Given the shock of both liberals (e.g. Tony Blair) and neo-conservatives (William Kristol) to the events unfolding in Egypt, Libya, Iraq, they should take pause in urging the United States to involve itself in the affairs of Syria.
In the United States Government there are those who think intervening to end the violence is Syria is the right and proper course. Of course most have never served in uniform.
Most can speak about the absolutes of counter insurgency having never had to make it work. Most believed that democracy would spring forth confluence of Tigris and Euphrates if we liberated Iraq; likewise they believe is Assad is overthrow suddenly Syria will become the beacon of democracy in the Middle East.
Their naïve about Syria is surpassed about their naivety about Iraq.
Unlike Colonel Lang, I am not an expert in the history of the middle east; but at least I admit such a deficiency, unlike those who wish to see the United States stick our nose into the business of every country who does something they find reprehensible.
But I do consider myself knowledgeable about not only the history of the United States but also the history of the United Kingdom. Despite what Paul Wolfowitz and other might think democracy did not spring forth from the James River in 1619; in fact what passed as representative government in 1619 in Jamestown probably would not pass muster of the Supreme Court. Nor did parliamentary democracy spring forth from the field of Runnymede in 1215.
What we view as democracy is not really democracy by definition rather we are a representative republic. The United Kingdom is a parliamentary monarchy, in which the citizens elect Members of Parliament to represent them at Westminster. What we call democracy today has developed and evolved over four centuries in the United States and over almost nine centuries in the United Kingdom.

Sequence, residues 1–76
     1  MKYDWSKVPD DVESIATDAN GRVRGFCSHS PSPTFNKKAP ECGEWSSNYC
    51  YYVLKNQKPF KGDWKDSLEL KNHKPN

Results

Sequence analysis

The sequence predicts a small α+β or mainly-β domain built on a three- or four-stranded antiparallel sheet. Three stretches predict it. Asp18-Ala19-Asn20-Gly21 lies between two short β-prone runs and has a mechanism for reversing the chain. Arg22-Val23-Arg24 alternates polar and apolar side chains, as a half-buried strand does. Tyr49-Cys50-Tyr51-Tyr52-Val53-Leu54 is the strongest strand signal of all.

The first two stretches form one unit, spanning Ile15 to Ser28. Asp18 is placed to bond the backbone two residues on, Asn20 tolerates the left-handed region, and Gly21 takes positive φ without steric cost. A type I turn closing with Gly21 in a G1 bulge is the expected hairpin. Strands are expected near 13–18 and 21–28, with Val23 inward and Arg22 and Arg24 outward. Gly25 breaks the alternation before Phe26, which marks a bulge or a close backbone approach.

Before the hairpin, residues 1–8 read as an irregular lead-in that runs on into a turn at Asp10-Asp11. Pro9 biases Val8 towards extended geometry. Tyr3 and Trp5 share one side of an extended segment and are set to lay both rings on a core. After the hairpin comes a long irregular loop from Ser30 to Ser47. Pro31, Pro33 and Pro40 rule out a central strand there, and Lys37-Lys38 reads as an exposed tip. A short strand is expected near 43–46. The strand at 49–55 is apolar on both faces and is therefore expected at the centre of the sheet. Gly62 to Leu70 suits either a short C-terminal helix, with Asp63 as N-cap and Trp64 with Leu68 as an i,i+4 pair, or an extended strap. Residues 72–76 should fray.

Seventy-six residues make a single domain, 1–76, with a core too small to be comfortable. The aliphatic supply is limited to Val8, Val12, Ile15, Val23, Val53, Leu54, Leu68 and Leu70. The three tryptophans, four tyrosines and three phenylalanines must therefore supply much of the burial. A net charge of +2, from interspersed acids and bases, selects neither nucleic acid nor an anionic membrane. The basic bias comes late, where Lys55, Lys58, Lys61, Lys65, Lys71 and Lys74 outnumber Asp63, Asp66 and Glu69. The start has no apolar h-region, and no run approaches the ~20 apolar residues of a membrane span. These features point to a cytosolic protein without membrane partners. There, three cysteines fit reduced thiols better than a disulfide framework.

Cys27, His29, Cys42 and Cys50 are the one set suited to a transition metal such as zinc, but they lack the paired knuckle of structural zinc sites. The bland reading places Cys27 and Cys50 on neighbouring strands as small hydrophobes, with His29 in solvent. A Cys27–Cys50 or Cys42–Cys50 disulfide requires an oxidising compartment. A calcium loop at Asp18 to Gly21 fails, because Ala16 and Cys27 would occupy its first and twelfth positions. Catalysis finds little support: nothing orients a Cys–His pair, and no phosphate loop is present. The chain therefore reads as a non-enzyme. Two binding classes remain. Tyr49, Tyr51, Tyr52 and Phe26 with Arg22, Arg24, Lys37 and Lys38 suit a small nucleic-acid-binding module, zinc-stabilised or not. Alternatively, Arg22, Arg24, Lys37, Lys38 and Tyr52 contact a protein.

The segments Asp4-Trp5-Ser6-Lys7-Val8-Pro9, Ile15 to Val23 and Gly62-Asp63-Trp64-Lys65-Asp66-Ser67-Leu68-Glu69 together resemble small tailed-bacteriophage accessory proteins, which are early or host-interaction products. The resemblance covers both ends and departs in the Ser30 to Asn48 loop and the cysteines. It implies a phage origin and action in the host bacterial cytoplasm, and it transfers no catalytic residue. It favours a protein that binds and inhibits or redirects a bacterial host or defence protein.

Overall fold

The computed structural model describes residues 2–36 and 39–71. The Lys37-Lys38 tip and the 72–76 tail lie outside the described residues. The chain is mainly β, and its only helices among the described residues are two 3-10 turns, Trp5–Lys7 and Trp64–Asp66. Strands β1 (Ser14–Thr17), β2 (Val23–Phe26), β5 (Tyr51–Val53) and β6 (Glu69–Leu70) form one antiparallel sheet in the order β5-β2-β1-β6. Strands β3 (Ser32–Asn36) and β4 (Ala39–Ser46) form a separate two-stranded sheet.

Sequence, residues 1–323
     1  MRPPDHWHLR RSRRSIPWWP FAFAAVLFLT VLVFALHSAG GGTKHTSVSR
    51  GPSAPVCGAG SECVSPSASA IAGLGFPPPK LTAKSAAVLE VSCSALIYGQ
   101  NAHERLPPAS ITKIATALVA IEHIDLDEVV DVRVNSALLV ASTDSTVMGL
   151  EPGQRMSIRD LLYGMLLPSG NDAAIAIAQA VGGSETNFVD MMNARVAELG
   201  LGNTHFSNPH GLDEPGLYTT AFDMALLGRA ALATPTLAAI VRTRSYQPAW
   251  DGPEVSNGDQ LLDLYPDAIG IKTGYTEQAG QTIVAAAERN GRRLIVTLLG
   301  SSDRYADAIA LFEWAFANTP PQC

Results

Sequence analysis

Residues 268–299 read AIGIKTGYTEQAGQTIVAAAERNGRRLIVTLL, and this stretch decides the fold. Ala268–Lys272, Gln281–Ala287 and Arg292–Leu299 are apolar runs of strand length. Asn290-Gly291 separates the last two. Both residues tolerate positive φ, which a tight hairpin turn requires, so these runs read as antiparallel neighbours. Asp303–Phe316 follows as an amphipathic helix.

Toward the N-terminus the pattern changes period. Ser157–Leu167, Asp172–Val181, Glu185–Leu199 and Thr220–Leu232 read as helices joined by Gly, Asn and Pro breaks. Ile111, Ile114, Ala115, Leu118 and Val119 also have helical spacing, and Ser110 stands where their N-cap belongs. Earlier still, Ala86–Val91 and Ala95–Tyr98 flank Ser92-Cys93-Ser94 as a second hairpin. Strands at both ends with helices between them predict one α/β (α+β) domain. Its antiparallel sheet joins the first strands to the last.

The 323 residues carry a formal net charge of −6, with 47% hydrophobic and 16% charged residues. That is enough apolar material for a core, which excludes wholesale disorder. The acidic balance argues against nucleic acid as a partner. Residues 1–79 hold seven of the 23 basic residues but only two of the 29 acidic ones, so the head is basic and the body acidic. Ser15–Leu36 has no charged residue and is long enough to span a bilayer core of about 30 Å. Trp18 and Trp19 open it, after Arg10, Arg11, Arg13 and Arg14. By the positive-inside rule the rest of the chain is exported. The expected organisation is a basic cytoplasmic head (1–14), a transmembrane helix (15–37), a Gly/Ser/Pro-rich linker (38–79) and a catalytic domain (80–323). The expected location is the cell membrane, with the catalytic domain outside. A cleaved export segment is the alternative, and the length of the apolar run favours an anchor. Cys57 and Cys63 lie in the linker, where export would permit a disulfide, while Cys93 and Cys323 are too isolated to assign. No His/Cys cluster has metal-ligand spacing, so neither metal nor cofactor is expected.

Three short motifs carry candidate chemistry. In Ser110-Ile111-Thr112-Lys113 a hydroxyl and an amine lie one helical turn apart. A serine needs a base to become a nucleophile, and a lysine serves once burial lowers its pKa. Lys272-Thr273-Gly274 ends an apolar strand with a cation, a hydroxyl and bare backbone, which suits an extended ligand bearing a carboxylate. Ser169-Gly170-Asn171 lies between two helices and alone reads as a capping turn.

Our democratic institutions reflect our Western and Christian heritage. It reflects the changing mores of our societies and our citizens.
Iraq is a different country, it has been shaped by a different history, it reflects the mores of the Arab culture and the influence of Islam.
The slide contained in this entry shows three slides developed by the author prior to deploying to Iraq in 2004 to serve as a strategic planner. I attempted to use these slides to persuade those with whom I worked that rather than creating a little America in the Middle East we would do well take a step back an attempt to understand Iraq’s history. This was not well received by my fellow Americans nor was it well received by the Brits, although it can be surmised that perhaps they were remembering their own misadventures in Iraq in the years after World War I.
It was George Santayana who reminded us that those who failed to study history are condemned to repeat it. Unfortunately for us Americans failure to understand our own history makes unable to appreciate others history. This is not the first time we have made this mistake and unfortunately I have little faith that we will not repeat it.